The Art and Science of Infusion Nursing

Gail M. Egan, MS, ANP Gary P . Siskin, MD Robert Weinmann IV, MD Margy M. Galloway, BSN, RN, OCN®, VA-BC, CRNI®

A Prospective Postmarket Study to Evaluate the Safety and Efficacy of a New Peripherally Inserted Central Catheter Stabilization System
ABSTRACT An initial postmarket study of the SecurAcath used with 5 Fr peripherally inserted central catheters (PICCs) was conducted with 68 adult patients at 3 different institutions in the United States. PICCs were placed in both outpatients and inpatients, with patients in critical care and medical/ surgical units, home care, and extended care facilities. Sixty-two (91.2%) of the patients completed therapy without a securement-related device malfunction or device-related adverse event associated with the securement system. The device was readily accepted by both patients and nursing staff. The SecurAcath represents a novel, safe, and effective method for catheter securement. Key words: central venous catheters, peripherally inserted central catheter, SecurAcath eripherally inserted central catheters (PICCs) are widely used for a variety of intravenous (IV) therapies and, depending on the original indication for insertion, may remain in place for as short as a few days to as long as several months. Despite the substantial increase in the number of hospitals that have specialized teams specifically educated in the placement of central venous catheters and the important advances in maintenance protocols,1 significant challenges for PICC use include bloodstream infections and inadvertent dislodgment. In patients in whom catheters migrate or become dislodged, PICC replacement is required. PICC replacement may include over-the-guidewire exchange, de novo placement, or placement of an alternative device. Complete inadvertent PICC removal may result in loss of a suitable vein for future vascular access device (VAD) placement. In addition, the costs related to the
Margy M. Galloway, BSN, RN, OCN®, VA-BC, CRNI®, is a registered nurse and PICC team clinical educator at Saint Luke’s Hospital in Kansas City, Missouri. Ms Galloway is board certified in vascular access. She is the president of MO-KanVAN, a local network for the Association for Vascular Access. Gail M. Egan received a research grant to fund the study and was paid to travel to present the abstract; Interrad supplied study devices to her for the trial; and she serves as a consultant and on a speaker’s bureau for Interrad Medical, Inc. Robert Weinmann and Healtheast Hospitals received money for primary investigator time and hospital expenses. Margy M. Galloway is a paid consultant for Interrad Medical Inc. Interrad supplied study devices to her for the trial. The authors of this article have no other conflicts of interest to disclose. Corresponding Author: Gail M. Egan, MS, ANP , Department of Radiology, MC-113, Albany Medical Center, 43 New Scotland Avenue, Albany, NY 12208 (egang@mail.amc.edu). DOI: 10.1097/NAN.0b013e3182893690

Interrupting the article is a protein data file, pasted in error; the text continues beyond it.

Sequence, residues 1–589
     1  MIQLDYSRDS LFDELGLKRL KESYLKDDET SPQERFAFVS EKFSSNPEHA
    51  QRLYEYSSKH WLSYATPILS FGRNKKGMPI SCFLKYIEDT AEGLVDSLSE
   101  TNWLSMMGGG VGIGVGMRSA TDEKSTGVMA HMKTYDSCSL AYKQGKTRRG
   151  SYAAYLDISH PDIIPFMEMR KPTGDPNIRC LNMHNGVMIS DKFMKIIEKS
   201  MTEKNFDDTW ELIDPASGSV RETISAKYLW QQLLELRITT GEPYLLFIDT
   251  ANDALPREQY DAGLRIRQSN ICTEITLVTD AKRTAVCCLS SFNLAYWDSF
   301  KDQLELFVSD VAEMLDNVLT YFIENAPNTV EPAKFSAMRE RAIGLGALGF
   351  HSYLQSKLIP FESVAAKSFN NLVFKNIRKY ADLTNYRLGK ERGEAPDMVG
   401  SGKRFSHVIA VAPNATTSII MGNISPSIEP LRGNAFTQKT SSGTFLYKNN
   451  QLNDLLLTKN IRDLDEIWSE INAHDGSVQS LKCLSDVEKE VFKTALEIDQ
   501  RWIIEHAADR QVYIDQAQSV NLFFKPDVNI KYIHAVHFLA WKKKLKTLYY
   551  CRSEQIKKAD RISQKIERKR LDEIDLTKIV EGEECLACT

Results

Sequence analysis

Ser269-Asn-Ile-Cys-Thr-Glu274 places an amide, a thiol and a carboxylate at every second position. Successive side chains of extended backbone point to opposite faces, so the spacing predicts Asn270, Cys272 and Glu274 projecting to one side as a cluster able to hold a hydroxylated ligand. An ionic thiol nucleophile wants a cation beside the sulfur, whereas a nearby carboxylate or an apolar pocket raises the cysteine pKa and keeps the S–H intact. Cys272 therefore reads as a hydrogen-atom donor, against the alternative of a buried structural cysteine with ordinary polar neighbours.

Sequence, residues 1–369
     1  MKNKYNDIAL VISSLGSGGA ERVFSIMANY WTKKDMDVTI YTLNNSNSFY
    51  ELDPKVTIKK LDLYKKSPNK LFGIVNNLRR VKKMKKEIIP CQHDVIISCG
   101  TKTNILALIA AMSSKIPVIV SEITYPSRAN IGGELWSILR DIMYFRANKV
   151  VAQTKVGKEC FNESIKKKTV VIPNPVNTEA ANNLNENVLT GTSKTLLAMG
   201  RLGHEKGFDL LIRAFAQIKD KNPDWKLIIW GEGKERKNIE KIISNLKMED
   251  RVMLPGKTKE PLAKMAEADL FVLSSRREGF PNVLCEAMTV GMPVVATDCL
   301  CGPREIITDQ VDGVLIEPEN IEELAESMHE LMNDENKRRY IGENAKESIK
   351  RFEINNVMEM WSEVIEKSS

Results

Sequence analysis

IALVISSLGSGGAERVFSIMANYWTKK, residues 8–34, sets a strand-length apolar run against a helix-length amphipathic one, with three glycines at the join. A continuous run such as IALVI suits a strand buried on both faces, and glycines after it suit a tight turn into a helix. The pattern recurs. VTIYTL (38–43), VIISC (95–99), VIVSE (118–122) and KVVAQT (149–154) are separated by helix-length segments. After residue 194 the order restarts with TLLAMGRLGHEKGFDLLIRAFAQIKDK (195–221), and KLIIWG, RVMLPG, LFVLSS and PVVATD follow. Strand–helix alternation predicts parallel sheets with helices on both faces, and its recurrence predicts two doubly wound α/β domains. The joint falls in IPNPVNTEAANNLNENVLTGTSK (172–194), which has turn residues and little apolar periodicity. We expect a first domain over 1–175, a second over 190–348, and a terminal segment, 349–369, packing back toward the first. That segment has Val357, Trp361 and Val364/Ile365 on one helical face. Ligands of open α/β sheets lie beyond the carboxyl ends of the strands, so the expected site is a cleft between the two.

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Author Affiliations: Community Care Physicians, Latham, New York, and Albany Medical College, Albany, New York (Ms Egan); Department of Radiology, Albany Medical Center Hospital, Albany, New York (Dr Siskin); St Paul Radiology, St Paul, Minnesota (Dr Weinmann); and Saint Luke’s Hospital, Kansas City, Missouri (Ms Galloway). Gail M. Egan, MS, ANP , is a nurse practitioner with Community Care Physicians and instructor of radiology at Albany Medical College. She is the 2008 recipient of the Suzanne LaVere Herbst Award for Excellence in Vascular Access Practice and a past president of the Association for Vascular Access. Gary P . Siskin, MD, is professor and chairman of the Department of Radiology at the Albany Medical Center Hospital, Albany, New York. Dr Siskin’s interests cover all aspects of vascular/interventional radiology. Robert Weinmann IV, MD, is a board-certified radiologist at St Paul Radiology. He holds a BS from the University of Michigan, Ann Arbor, and an MD from the University of Southern California. He has practice experience as an emergency room physician, body radiologist, interventional radiologist, and neuroradiologist.